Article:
Air quality in Bergen during atmospheric blocking situations

Atmospheric conditions observed during late November and early December last year in Bergen are known as the atmospheric blocking. During days with blocking, easterly and north-easterly weak winds prevail. In Bergen, blocking situations have been frequently observed in January-February 2010 and return now in November. Blocking, as a meteorological phenomenon, causes large public resonance as its persistence over several days and even weeks deteriorate the air quality in some parts of the city. The air quality in Bergen is monitored by Statens Vegvesen and Klima and Forurensning directorate ( Unfortunately, regular observations are available only from two stations (Radhuset and Danmarkplas), which do not cover the larger Bergen area.

G.C. Rieber Climate institute at the Nansen Environmental and Remote Sensing Center is currently involved in a number of research projects aiming on understanding of micro-meteorology and air pollution in urban areas. Although the focus of those projects is on European megacities and some other specific locations, we decided to respond on the problematic air quality situation in Bergen. The very fine scale turbulence-resolving model PALM has been run with resolution of 30 m over the larger Bergen area utilizing the satellite digital elevation data from the ASTER project and initial and boundary conditions from radio-sounding in Stavanger at 00 EST 23 November 2010. Since the Bergen emission inventory is not available, we used estimation of emission from “Handlingsplan for bedre luft i Bergen 2007” provided by Bergen Komunne and Norconsult. The lack of detailed information for the model calibration causes some inaccuracy and uncertainties in our simulations.

The simulations results are given in Figure below. Figure depicts a normalized concentration of road pollution (red shading) accumulated over 3 hours between 06 a.m. and 09 a.m. and corresponding averaged wind (vectors) within the lowest 30 m from the surface. Despite uncertainties and lack of data, Figure not only reasonable reproduced the visually observed (see Photo) and measured air quality hazard in the Bergen valley but also suggests dynamical explanation of the situation. Indeed, even our preliminary simulations indicated that the area between Minde and the Bergen centre should have the worst pollution problem with the maximum pollution near Danmarksplass. The simulations disclose that the combination of orographical blocking and katabatic drainage flow (blue arrows) developing in this area must be responsible for air stagnation and pollution build-up. The strong clear sky radiation cooling in the valley causes cold air subsidence along the hill slopes and the near surface northward flow. At the same time the mean air flow is directed southward as atmospheric soundings reveal. Above Nordness and Laksevag those flows meet and lock polluted air in the city center. The strong radiative inversion, seen both in the model and in the data from Geophysical Institute, prevent normal air mixing in the deep layer. The inversion top is clearly seen on the photo as the height of improved visibility.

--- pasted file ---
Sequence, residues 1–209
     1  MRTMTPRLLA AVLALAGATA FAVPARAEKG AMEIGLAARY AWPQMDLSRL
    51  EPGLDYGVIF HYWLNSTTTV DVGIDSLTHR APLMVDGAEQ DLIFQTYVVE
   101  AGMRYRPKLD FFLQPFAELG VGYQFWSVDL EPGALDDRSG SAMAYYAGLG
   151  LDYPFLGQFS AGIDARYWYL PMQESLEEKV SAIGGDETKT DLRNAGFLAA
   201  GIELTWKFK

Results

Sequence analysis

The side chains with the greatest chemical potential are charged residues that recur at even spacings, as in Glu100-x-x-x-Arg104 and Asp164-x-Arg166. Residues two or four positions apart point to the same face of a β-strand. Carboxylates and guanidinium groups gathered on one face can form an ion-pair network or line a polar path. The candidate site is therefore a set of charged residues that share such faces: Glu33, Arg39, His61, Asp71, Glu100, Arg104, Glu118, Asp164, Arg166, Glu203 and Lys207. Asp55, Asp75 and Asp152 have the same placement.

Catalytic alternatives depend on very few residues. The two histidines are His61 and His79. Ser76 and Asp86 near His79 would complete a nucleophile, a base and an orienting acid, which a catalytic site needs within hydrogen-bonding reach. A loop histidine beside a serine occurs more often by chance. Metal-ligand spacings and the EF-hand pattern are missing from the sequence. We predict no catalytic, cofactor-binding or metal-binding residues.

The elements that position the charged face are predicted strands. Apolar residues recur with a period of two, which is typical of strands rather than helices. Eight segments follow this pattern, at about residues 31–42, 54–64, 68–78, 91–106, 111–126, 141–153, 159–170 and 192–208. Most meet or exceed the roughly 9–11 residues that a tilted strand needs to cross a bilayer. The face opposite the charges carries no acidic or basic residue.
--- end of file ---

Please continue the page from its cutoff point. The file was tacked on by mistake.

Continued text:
Our simulations answer why other parts of the larger Bergen area do not affected so severely. The reason is largely in a favorite southward slope of other valleys. For example, the estimations of the emission rate are large in both the Fyllingsdalen and Loddefjord (Vestkanten) areas, but the simulated concentrations are less than one half of those near Danmarksplass. In fact, the mean northerly wind assists the drainage flow to flash out the pollution toward open water bodies.

Nansen Environmental and Remote Sensing Center models have significant potential to be tapped in the assessment of the Bergen air quality and in supporting the policy measures. More detailed simulations for the considered day in November are under way. However, in order to become routine consultancy instrument, the high resolution models should be calibrated over far more detailed and comprehensive meteorological and chemical observations in different parts of Bergen. This project could be organized around Bergen Komunne as coordinator of data providers (Geophysical Institute, Norconsult, Vegvesen, Meteorological Institute), modelers (NERSC) and users (Helsedirectoratet, Hospitals, Kommune departments) for the benefit of the Bergen city inhabitants.

Figure caption; Simulation results for the near surface relative concentration (red shading) and the air flow (vectors). Blue vectors correspond to dranaige flow, dark vectors – to geostrophically driven flow. The maximum concentration accumulated around Danmarksplass has been scaled to unity. The coast line is shown as bold black contour and the elevations are shown as contours in every 100 m. Observe that, the elevations from ASTER database is not exactly correspond to the topographical map. Smaller water bodies are typically missed.

News reportage at NRK Hordaland on 5. January is available at (MP3-file):